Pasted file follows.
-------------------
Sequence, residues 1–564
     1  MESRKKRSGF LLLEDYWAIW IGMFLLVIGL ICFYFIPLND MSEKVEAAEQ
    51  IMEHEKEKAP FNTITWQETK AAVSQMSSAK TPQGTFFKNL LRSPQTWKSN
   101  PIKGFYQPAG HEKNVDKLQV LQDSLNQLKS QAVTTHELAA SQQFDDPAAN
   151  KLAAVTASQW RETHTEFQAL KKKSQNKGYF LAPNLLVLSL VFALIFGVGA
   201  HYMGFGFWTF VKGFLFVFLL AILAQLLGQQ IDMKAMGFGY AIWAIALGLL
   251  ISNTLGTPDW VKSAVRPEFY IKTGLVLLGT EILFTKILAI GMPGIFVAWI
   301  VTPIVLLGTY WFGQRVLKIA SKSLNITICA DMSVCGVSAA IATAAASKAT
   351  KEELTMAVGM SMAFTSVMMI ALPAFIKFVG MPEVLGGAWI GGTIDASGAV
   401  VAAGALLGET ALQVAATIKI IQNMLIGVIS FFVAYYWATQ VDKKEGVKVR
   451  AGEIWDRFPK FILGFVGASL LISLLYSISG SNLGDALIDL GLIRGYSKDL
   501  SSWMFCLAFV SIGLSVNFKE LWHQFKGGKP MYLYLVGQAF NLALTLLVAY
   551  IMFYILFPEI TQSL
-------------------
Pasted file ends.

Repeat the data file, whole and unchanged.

Sequence, residues 1–564
     1  MESRKKRSGF LLLEDYWAIW IGMFLLVIGL ICFYFIPLND MSEKVEAAEQ
    51  IMEHEKEKAP FNTITWQETK AAVSQMSSAK TPQGTFFKNL LRSPQTWKSN
   101  PIKGFYQPAG HEKNVDKLQV LQDSLNQLKS QAVTTHELAA SQQFDDPAAN
   151  KLAAVTASQW RETHTEFQAL KKKSQNKGYF LAPNLLVLSL VFALIFGVGA
   201  HYMGFGFWTF VKGFLFVFLL AILAQLLGQQ IDMKAMGFGY AIWAIALGLL
   251  ISNTLGTPDW VKSAVRPEFY IKTGLVLLGT EILFTKILAI GMPGIFVAWI
   301  VTPIVLLGTY WFGQRVLKIA SKSLNITICA DMSVCGVSAA IATAAASKAT
   351  KEELTMAVGM SMAFTSVMMI ALPAFIKFVG MPEVLGGAWI GGTIDASGAV
   401  VAAGALLGET ALQVAATIKI IQNMLIGVIS FFVAYYWATQ VDKKEGVKVR
   451  AGEIWDRFPK FILGFVGASL LISLLYSISG SNLGDALIDL GLIRGYSKDL
   501  SSWMFCLAFV SIGLSVNFKE LWHQFKGGKP MYLYLVGQAF NLALTLLVAY
   551  IMFYILFPEI TQSL